Are User Scores the Only Problem with Metacritic?
The balance between expectation and reality is a pendulum that video game studios struggle to navigate. Trailers and reveal events increase anticipation; however, failure to deliver on assumed promises can lead to anger and resentment. For over two decades a single website has been a constant and trusted source for video game reviews: Metacritic. But recently, the industry has scrutinized the website for allowing users to “review bomb” new games. In response, the company dramatically altered its practice for user review scores. Although the change was necessary and welcomed by studios, questions still remain. Most notably, fans are wondering if Metacritic should also reconsider its method of aggregating critic reviews. Let’s dive in.
Video game communities are among the most passionate fan bases in the entertainment industry. As studios continue to up the ante with new installments of popular franchises, players’ anticipation grows. While all video game developers strive for perfection, few are able to achieve unanimous praise. As a result, fans rush to websites, such as Metacritic, to voice their displeasure. Recent examples include Animal Crossing New Horizons, Pokemon Sword and Shield, and The Last of Us Part 2.
Within a few hours after the release, Naughty Dog’s critically acclaimed sequel received over 30,000 negative user-score reviews. This highly-visible response provoked Metacritic to implement radical changes. Fans first discovered these modifications with the release of Sucker Punch’s highly-anticipated game Ghost of Tsushima.
Instead of immediately voicing displeasure, users can no longer post review scores on Metacritic until 36 hours after a game’s launch. The website’s explanation for this change is to allow players to “spend some time playing the game”. Although understandable, problems remain with critical reviews.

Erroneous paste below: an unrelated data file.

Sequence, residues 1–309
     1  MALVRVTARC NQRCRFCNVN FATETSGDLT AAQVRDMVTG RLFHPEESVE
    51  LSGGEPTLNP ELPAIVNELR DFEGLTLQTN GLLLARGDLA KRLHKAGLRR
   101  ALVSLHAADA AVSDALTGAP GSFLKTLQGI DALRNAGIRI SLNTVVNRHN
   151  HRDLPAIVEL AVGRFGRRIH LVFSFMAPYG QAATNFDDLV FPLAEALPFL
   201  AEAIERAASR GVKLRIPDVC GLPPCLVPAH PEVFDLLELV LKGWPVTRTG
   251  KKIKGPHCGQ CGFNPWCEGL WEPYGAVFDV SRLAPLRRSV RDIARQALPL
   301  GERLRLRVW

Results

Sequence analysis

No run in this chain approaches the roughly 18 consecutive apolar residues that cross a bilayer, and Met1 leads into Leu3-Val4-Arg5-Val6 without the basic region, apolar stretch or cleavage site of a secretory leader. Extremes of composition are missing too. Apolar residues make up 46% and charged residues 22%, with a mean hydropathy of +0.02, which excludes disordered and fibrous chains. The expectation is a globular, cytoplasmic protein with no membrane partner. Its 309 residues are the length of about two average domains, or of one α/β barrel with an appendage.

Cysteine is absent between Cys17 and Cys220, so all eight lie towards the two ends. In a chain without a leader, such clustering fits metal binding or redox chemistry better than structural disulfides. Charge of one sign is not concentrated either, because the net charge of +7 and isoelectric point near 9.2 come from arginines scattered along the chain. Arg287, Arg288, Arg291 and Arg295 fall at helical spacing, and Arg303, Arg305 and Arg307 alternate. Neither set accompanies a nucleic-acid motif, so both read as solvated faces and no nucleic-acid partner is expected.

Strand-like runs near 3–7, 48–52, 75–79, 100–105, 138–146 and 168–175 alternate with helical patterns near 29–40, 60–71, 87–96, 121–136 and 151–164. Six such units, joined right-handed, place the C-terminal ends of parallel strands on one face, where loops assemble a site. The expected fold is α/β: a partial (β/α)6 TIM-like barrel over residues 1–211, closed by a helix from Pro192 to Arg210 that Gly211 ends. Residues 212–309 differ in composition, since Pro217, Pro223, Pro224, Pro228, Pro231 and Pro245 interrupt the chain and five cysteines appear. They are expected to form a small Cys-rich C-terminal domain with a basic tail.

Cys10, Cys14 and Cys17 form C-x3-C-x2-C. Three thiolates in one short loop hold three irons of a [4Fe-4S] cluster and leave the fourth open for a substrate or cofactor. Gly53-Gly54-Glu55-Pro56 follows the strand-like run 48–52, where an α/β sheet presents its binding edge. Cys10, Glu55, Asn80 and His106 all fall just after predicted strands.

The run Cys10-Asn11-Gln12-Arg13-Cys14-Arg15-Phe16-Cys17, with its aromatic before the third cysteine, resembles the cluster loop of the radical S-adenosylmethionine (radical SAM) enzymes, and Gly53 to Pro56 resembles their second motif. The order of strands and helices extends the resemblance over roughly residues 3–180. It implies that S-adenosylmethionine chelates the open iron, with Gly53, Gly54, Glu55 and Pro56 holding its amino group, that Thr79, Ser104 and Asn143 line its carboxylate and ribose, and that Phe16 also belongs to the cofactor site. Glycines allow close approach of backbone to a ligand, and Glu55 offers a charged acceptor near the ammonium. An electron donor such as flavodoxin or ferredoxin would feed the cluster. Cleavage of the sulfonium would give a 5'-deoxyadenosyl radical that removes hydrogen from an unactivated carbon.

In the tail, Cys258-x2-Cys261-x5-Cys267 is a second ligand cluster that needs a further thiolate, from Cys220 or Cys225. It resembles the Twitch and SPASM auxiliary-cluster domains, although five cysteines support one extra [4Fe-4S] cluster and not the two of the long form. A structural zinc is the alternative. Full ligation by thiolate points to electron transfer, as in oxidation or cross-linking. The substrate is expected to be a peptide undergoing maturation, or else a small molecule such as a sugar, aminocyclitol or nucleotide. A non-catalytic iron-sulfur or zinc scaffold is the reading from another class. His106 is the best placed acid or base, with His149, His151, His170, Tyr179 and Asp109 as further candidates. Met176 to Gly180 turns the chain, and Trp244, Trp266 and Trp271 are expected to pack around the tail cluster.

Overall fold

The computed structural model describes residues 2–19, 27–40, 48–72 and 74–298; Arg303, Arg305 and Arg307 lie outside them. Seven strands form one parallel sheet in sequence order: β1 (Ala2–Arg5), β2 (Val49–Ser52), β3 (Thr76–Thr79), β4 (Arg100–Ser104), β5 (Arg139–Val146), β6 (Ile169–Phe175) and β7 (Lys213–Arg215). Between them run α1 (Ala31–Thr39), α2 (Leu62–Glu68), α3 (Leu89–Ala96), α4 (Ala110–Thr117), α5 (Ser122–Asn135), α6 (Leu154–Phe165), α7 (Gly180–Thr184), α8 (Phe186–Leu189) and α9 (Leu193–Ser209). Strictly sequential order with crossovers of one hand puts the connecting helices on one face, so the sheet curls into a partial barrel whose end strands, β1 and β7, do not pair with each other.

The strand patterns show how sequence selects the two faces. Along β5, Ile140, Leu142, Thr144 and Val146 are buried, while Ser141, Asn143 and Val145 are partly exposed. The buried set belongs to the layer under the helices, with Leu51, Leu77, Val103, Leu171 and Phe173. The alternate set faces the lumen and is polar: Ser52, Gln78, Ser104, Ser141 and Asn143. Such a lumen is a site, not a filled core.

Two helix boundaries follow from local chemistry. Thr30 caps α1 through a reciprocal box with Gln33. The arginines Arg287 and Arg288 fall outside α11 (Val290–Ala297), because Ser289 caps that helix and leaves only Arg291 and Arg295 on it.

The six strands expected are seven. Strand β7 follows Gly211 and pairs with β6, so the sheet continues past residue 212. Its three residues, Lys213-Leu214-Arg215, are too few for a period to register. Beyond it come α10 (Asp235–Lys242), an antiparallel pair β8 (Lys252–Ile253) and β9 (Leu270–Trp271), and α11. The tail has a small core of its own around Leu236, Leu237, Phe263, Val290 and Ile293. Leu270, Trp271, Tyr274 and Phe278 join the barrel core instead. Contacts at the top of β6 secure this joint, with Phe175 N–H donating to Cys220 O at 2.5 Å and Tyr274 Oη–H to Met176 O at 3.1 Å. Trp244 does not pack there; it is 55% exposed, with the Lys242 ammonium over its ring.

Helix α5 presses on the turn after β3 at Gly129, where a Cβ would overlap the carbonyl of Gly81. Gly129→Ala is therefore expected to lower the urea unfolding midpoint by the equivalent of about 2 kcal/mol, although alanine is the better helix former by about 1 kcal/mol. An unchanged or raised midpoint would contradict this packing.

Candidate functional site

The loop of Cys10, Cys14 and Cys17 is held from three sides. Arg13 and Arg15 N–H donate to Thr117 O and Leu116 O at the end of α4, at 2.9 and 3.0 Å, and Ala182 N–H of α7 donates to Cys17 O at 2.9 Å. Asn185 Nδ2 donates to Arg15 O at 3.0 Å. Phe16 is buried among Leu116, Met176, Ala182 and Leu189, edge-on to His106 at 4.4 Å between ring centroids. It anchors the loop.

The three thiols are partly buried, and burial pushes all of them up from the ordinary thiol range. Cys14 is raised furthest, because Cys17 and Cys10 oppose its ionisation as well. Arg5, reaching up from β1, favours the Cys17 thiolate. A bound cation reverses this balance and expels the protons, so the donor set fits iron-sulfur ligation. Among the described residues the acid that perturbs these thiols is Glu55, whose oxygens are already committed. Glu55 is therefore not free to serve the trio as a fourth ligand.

Whose Fault Is It Anyway?
While Metacritic user scores are notoriously biased, industry expert Alanah Pearce provided unique insight into critical reviews. A large portion of the video game community believes that critical reviews are biased towards developers; however, the exact opposite appears to be true. According to Alanah, critical reviewers are more fearful of fan backlash than upsetting video game studios. Fans want to play exception games, and for this reason, critics favor positive reviews.
In addition to an abundance of positive reviews, Metacritic also favors certain reviewers. Industry veterans, such as IGN and Kotaku, are given preferential treatment while the opinion of lesser-known authors is neglected. The result is a aggregation of biased critical reviews that favor positive scores at the expense of the truth. This practice raises many questions:
- Are review scores the best method of conveying a game’s worth?
- Should Metacritic aggregate fan and critic reviews equally?
- Can critics become more transparent?
- Is there a better venue for fans to expose a video game’s flaws?
- Should studios provide greater transparency during the development phase?
Despite the chasm that remains between fan and critic reviews, a single truth remains: information asymmetry is problem for the video game industry. Websites, such as Metacritic, must balance the opinions of both segments to ensure that communities are properly informed.
But we want to know what you think. Do you believe that Metacritic should reconsider the criteria for critic reviews? What do you think about the review site’s lack of transparency? Let us know in the comments below or the social media links on the right. Also, be sure to check out our other news items on Pokemon, Modern Warfare, Capcom, Blizzard and more.
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